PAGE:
Owner’s title insurance: If the title search misses something, a lien remains unpaid or the seller doesn’t actually own the property, this insurance protects the buyer from any financial loss. The seller generally pays for this.

Home warranty: As part of the negotiation with the buyer, you might decide to pay for a one-year protection plan on the buyer’s behalf. This will cover certain repair costs if needed. Knowing the possible costs when selling your home can keep the process straightforward. Despite being potentially expensive and time-consuming, selling at a good price and without complications can save you time and energy.

Source: NerdWallet, Inc.


Members 1st is here to help you through all of life’s most important moments and milestones. For more information about buying a home, visit our Mortgage Services website.

How to Tell You’re Ready to Buy a House


Making the decision to become a homeowner is emotionally and financially complex. Here are some key things to ask yourself if you’re considering whether buying is right for you.

Do you have a good reason to buy?

Sometimes switching from renting to buying is a no-brainer.  Maybe you live in a modern one-bedroom apartment in a chic part of town, but you have a baby on the way. If you want a place in a good school district, with more square footage and a yard, buying may well be your best bet.

Other times, the urge to buy is driven by emotion: You see a house you like and you “just know.” There’s nothing wrong with that reaction, but take time to check out the property before you make any commitments. If it’s too far from work, near a noisy road or the best house on a bad block, it may not be as good a deal as it first appears.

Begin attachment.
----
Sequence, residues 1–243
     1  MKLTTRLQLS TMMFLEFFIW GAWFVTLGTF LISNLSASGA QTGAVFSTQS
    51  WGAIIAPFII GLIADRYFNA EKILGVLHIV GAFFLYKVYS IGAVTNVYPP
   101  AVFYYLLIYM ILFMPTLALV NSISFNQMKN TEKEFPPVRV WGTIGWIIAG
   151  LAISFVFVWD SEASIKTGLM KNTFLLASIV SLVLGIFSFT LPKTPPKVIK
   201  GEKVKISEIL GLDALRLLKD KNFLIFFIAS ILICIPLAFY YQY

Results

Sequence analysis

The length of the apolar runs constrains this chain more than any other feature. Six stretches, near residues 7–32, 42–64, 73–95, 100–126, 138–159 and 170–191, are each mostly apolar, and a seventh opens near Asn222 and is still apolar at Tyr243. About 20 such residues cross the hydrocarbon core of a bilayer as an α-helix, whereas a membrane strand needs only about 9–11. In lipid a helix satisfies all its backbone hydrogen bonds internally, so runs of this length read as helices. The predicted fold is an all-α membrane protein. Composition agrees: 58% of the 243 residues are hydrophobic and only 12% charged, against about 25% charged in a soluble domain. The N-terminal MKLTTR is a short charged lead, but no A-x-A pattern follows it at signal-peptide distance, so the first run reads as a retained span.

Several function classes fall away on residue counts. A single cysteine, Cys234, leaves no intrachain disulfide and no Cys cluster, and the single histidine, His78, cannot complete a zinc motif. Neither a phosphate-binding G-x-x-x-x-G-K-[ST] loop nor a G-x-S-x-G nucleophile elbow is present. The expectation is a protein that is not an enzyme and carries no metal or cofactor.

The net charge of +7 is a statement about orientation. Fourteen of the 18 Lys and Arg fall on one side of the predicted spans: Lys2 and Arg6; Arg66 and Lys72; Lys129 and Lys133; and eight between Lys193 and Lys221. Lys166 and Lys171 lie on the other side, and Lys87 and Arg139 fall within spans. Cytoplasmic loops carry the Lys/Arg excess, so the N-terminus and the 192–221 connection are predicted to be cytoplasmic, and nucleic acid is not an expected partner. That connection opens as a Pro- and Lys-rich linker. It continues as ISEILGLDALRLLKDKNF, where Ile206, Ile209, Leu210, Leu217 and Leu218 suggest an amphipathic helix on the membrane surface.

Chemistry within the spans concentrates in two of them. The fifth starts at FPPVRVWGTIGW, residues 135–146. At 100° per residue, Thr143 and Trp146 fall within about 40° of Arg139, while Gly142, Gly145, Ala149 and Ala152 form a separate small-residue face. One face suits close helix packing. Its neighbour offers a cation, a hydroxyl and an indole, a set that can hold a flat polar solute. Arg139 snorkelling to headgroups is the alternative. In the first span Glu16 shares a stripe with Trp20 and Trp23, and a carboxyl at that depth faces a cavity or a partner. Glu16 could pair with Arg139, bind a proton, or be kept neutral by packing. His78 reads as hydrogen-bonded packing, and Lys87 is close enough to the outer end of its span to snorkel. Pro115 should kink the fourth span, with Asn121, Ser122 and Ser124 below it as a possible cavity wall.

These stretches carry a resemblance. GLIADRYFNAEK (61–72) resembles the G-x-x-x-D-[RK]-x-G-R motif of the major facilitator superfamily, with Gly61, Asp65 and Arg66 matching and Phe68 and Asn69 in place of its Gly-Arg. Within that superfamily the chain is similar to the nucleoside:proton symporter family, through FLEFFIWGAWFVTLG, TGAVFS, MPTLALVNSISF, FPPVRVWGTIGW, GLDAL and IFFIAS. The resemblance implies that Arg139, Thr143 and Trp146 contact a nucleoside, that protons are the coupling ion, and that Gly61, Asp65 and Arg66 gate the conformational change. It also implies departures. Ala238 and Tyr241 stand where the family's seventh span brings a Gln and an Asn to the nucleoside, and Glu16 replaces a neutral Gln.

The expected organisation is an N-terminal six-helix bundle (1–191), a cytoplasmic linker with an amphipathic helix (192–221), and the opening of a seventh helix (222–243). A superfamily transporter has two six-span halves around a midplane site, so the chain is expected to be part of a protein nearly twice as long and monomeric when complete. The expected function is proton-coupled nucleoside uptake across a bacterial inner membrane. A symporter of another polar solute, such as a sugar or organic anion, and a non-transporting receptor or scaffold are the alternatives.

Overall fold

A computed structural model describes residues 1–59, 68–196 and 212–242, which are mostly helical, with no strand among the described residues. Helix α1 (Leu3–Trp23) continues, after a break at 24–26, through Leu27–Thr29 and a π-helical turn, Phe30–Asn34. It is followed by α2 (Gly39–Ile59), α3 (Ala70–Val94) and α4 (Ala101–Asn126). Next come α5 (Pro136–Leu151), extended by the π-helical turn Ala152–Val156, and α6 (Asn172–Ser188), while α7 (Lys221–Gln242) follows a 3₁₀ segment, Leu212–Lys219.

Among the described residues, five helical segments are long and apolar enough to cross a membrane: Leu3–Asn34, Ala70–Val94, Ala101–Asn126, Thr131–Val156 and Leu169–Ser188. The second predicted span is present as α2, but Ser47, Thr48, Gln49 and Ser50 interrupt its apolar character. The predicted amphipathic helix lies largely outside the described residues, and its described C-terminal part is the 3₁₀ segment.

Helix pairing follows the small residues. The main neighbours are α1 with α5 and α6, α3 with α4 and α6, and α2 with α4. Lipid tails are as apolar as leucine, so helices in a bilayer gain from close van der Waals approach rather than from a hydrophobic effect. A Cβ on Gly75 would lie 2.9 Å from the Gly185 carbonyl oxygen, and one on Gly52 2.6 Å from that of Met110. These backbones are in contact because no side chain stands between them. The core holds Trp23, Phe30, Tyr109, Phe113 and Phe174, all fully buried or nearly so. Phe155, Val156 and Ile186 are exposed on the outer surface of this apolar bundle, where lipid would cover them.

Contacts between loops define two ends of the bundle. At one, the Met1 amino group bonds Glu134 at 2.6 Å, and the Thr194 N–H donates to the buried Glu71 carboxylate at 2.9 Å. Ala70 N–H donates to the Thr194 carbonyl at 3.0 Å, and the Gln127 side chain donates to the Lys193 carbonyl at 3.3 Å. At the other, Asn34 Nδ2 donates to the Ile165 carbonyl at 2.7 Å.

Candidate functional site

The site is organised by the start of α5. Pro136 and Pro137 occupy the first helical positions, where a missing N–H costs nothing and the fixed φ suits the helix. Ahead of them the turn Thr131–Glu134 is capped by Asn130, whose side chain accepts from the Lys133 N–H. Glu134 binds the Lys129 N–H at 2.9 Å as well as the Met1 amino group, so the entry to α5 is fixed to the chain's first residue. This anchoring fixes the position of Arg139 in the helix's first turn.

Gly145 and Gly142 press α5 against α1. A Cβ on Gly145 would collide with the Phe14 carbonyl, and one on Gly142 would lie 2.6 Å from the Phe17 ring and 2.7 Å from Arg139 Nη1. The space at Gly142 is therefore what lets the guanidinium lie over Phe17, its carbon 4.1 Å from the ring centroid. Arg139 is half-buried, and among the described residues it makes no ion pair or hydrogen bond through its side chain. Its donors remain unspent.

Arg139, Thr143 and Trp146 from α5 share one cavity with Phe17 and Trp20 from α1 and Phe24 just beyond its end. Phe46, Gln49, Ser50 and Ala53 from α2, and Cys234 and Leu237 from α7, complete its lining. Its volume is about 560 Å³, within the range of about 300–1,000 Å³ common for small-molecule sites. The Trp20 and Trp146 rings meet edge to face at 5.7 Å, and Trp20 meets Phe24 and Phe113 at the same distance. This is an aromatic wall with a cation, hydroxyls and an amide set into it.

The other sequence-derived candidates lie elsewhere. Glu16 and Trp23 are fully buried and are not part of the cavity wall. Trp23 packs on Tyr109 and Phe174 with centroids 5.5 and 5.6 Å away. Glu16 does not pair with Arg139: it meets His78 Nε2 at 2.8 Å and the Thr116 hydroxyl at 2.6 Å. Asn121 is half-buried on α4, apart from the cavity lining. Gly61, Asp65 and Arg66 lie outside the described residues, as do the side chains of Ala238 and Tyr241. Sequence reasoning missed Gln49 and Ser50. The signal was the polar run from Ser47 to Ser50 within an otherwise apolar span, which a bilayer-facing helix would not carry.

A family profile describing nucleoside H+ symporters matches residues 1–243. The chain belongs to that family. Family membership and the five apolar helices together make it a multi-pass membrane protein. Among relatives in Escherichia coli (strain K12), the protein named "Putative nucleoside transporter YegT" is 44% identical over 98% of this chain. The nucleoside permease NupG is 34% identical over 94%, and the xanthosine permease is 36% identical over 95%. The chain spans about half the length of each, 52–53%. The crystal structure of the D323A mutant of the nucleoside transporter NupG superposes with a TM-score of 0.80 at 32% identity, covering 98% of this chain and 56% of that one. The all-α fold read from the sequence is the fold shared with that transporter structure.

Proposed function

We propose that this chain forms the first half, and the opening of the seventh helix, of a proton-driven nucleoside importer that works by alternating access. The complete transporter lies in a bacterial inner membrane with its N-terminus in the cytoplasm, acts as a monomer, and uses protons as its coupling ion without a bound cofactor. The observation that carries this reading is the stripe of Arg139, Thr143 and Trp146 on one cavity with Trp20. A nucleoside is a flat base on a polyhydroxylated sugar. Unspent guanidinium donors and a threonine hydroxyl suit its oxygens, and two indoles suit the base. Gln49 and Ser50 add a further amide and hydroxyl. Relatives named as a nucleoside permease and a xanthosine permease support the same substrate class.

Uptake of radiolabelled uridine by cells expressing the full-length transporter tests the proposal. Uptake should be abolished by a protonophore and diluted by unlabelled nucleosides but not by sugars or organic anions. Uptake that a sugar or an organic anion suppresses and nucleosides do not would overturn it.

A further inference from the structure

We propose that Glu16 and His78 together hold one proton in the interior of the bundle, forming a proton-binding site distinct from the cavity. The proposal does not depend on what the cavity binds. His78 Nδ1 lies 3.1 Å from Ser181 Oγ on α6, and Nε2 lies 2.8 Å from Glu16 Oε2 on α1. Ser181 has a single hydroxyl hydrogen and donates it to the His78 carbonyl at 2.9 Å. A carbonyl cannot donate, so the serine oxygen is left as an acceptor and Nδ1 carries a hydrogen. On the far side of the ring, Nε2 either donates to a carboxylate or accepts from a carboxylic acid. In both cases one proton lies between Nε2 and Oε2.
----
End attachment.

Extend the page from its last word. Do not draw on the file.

And remember: Houses go on the market all the time, and there are tens of millions of single-family homes and condos in the U.S., so there’s no need to worry if your first choice doesn’t work out; your home is out there.

Can you make the upfront investment?

Buying a home requires an initial investment that you can’t ignore.

First, many lenders require a down payment of 20% of the home price. That’s $54,000 for a home that costs $270,000, about the median price in America. You’ll also owe closing costs, which could include loan-origination fees, discount points, appraisal fees, survey fees, underwriting fees, title search fees, and title insurance. Those could total another few thousand dollars.

The expenses don’t end there. You’ll want to hire an independent inspector to look for defects in a home before you buy.  This will cost several hundred dollars, but could save you thousands in repairs. And then there are moving costs, state or city taxes, utilities installation and the costs of changes you might want to make to the home — such as new flooring or painting — that are easiest to do while it’s empty.

This isn’t meant to scare you off; buying a home is still a smart choice for many people, despite the costs. But it does take a lot of cash.